Why is the last value used to detect the rising edge

Discussion in 'VHDL' started by fl, Sep 4, 2008.

  1. fl

    fl Guest

    Hi,
    I see the following in a VHDL book and some web tutorial. It is used
    to detect clk rising edge.
    -----------------
    if clk'event and clk'value='1' and clk'last_value='0'
    then ...
    -- to detect setup time
    ------------------
    I think if clk'event(true) and clk'value='1', then clk'last_value will
    be '0' unconditionally. That is, "clk'last_value='0'" is redundant. Is
    it?








    My question is a lot of process only uses the following to write clk
    rising edge:


    process (clk)
    begin
    if clk'event and clk='1'

    end process;

    I am confused with the above two usage.
    Could you explain it for me? Thanks a lot.
     
    fl, Sep 4, 2008
    #1
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  2. fl

    Guest

    On Sep 3, 8:43 pm, fl <> wrote:
    > Hi,
    > I see the following in a VHDL book and some web tutorial. It is used
    > to detect clk rising edge.
    > -----------------
    > if clk'event and clk'value='1' and clk'last_value='0'
    > then ...
    > -- to detect setup time
    > ------------------
    > I think if clk'event(true) and clk'value='1', then clk'last_value will
    > be '0' unconditionally. That is, "clk'last_value='0'" is redundant. Is
    > it?
    >
    > My question is a lot of process only uses the following to write clk
    > rising edge:
    >
    > process (clk)
    > begin
    > if clk'event and clk='1'
    >
    > end process;
    >
    > I am confused with the above two usage.
    > Could you explain it for me? Thanks a lot.


    Redundant? It depends on what the type of the clk signal is. If it's a
    std_logic, then the check for '0' is *not* redundant. A signal of
    type std_logic can have nine different values ('X', '0', '1', 'L',
    'H', 'Z', etc). The check for '0' will, in simulation at least, cause
    the code inside the "if" statement only to run on a clean 0-to-1
    transition. It would be ignored on, for example, an 'X' to '1'
    transition. On the other hand, if the signal is of type "bit", which
    only has values '0' and '1', then it *is* redundant.

    In a more practical sense, though, synthesizers (as opposed to
    simulators) will treat the second form (clk'event and clk='1') as a
    shorthand for referring to the regular rising edge clock of a real
    hardware flip-flop, and ignore any nuances about nine-level
    enumerations. For synthesis, I'd think of the clk'last_value='0' term
    as redundant, and possibly even confusing to a dumber synthesizer.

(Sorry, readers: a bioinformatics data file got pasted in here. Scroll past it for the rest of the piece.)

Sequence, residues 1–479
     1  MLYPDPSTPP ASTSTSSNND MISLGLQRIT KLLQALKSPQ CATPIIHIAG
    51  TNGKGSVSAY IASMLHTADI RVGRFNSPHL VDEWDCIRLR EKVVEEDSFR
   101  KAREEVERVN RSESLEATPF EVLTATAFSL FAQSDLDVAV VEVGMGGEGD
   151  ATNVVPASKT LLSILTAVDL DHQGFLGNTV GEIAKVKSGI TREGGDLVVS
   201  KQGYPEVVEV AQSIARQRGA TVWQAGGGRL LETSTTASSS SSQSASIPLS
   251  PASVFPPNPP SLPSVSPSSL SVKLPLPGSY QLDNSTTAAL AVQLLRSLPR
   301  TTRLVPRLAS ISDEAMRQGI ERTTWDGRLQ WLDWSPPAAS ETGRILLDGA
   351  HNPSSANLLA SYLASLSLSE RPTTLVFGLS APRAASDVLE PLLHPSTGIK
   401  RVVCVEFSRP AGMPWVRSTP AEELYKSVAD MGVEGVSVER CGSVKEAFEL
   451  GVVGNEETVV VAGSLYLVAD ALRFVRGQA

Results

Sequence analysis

- Kenn
     
    , Sep 4, 2008
    #2
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  3. fl

    Peter Guest

    On 4 Sep, 02:43, fl <> wrote:
    > Hi,
    > I see the following in a VHDL book and some web tutorial. It is used
    > to detect clk rising edge.
    > -----------------
    > if clk'event and clk'value='1' and clk'last_value='0'
    > then ...
    > -- to detect setup time
    > ------------------
    > I think if clk'event(true) and clk'value='1', then clk'last_value will
    > be '0' unconditionally. That is, "clk'last_value='0'" is redundant. Is
    > it?
    >
    > My question is a lot of process only uses the following to write clk
    > rising edge:
    >
    > process (clk)
    > begin
    > if clk'event and clk='1'
    >
    > end process;
    >
    > I am confused with the above two usage.
    > Could you explain it for me? Thanks a lot.


    Use rising_edge(clk) instead.

    /Peter
     
    Peter, Sep 4, 2008
    #3
  4. fl

    LittleAlex Guest

    On Sep 3, 5:43 pm, fl <> wrote:
    > I think if clk'event(true) and clk'value='1', then clk'last_value will
    > be '0' unconditionally. That is, "clk'last_value='0'" is redundant. Is
    > it?


    No. The 1st clock will have clk'last_value='U'.

    There is probably some initialization that needs to occur.

    Alex
     
    LittleAlex, Sep 4, 2008
    #4
  5. fl

    Andy Guest

    On Sep 3, 7:43 pm, fl <> wrote:
    > I see the following in a VHDL book and some web tutorial.


    Unfortunately there are a ton of books and tutorials that still use
    archaic means of detecting the rising or falling edge of clocks. It
    was only 15 years ago that standard functions rising_edge() and
    falling_edge() were incorporated into the IEEE standard... These
    functions correctly detect transitions to and from L and H also.

    If, on the other hand, your example uses type bit/bit_vector, I don't
    think these functions are defined for that data type, and the check
    for last_value='0' is completely redundant.

    Andy
     
    Andy, Sep 4, 2008
    #5
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